Sometimes, several families would arrange to bury their dead together. While some of these sites later grew into true cemeteries, many were forgotten after a family moved away or died out.

Today, it is not unheard of to discover groupings of tombstones, ranging from a few to a dozen or more, on undeveloped land. Little effort is made to remove remains by developers, as they may be hundreds of years old, the tombstones are often simply removed.

Many locations have been found recently that are Indigenous burial grounds; an organized necropolis, or simply an area with highly symbolic elements around it.

I should confess that I do not believe in the moving of bodies, building over cemeteries, or re-locating monuments. I would like to think that when I pass, and I am interred, that it will be forever and that I will rest undisturbed. Now that I have stated my personal prejudice, we can move on to some of the 12 cemeteries we identified that exist around us and have been re-purposed.

These cemeteries fall into three main categories. We have burials either beside an existing church, such as the Catholic church on Ontario Street or the Christian Baptist church on Main Street, hidden under a parking lot or sculptured garden.

Then you have pieces of land on which a church was torn down or relocated, such as the location of the Alexander Muir School. The tombstones were sometimes moved to one of the large cemeteries, but usually the bodies were left where they were.

The second category of cemetery is those no longer active but maintained as a memorial to those resting there, usually family or private plots, most often part of a former farm and easily identified.

Until the arrival of the developers, they were as an oasis of trees usually located in the middle of a farmer’s field. The Selby, Hughes or Holbourne burial sites are excellent examples of family plots in our immediate area.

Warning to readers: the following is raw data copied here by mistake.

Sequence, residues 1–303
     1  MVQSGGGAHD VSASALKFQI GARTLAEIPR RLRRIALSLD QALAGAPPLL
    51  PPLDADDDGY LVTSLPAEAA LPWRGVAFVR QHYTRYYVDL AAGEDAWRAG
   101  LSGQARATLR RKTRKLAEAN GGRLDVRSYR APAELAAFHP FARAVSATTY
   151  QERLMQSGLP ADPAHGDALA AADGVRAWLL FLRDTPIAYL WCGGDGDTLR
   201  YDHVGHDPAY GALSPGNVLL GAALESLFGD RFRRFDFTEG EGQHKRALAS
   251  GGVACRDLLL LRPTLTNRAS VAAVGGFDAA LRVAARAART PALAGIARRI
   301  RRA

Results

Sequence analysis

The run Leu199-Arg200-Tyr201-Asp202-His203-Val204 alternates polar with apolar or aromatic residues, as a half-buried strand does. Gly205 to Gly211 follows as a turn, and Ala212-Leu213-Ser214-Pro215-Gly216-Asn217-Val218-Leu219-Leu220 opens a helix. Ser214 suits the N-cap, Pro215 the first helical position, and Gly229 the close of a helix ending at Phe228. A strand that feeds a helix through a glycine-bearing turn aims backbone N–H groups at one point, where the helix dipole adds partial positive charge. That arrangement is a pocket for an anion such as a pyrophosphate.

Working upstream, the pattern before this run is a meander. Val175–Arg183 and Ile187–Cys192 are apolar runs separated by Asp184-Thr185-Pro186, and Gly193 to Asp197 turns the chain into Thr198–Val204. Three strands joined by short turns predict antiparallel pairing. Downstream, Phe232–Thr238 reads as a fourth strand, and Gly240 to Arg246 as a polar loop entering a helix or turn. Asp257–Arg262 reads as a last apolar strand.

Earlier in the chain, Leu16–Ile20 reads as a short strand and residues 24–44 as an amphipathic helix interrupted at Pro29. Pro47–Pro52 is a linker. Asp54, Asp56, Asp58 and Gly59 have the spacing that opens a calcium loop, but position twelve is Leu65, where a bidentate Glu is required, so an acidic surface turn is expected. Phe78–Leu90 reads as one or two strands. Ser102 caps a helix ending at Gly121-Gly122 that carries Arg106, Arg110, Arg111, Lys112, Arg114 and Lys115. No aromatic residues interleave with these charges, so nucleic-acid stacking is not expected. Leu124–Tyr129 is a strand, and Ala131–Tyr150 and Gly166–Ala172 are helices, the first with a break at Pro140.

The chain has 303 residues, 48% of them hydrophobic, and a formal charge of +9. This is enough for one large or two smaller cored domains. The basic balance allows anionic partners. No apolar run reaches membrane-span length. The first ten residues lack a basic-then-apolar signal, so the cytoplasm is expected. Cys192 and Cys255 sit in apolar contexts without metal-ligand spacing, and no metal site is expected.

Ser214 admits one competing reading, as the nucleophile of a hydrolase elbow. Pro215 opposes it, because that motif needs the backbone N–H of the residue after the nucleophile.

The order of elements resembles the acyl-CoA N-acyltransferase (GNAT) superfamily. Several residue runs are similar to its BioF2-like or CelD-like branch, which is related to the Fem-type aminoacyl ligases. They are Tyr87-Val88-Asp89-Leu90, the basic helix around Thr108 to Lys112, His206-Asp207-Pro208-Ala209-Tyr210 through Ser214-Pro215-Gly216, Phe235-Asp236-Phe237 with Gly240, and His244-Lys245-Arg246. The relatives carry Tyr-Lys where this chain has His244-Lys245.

Finally, we have the institutional burial sites such as the one located at the old site of the Industrial Home, on the corner of Eagle and Yonge Street, where the provincial courthouse currently sits.

We may never know how many people are still buried there, their names and exact location seemingly lost. Be sure to check out my article on the Industrial Home for more information on this issue.

There are still homes in the area that have gravestones embedded in their basement walls or backyards.

The issue of what to do with the remains of our ancestors will remain with us well into the future, as we continue to expand and social mores change and the sanctity of burial is challenged, weighted against progress and profit.

Check out the map that I have attached with this article and perhaps drive around town and explore. Remember though, you are walking on our ancestors resting places and so respect is paramount.

Sources: The History of Newmarket by Ethel Trewhella; The Hidden Burial Grounds of Newmarket by George Luesby and Richard MacLeod; Oral History Interviews conducted by Richard MacLeod; The Newmarket Era; The Newmarket Historical Society Minutes; Skeletal Remains from Prospect Hill by Hill, Dudar and Austin

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NewmarketToday.ca brings you this weekly feature about our town's history in partnership with Richard MacLeod, the History Hound, a local historian for more than 40 years. He conducts heritage lectures and walking tours of local interest, as well as leads local oral history interviews. You can contact the History Hound at thehistoryhound@rogers.com.




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About the Author: Richard MacLeod

Newmarket resident Richard MacLeod — the History Hound — has been a local historian for more than 40 years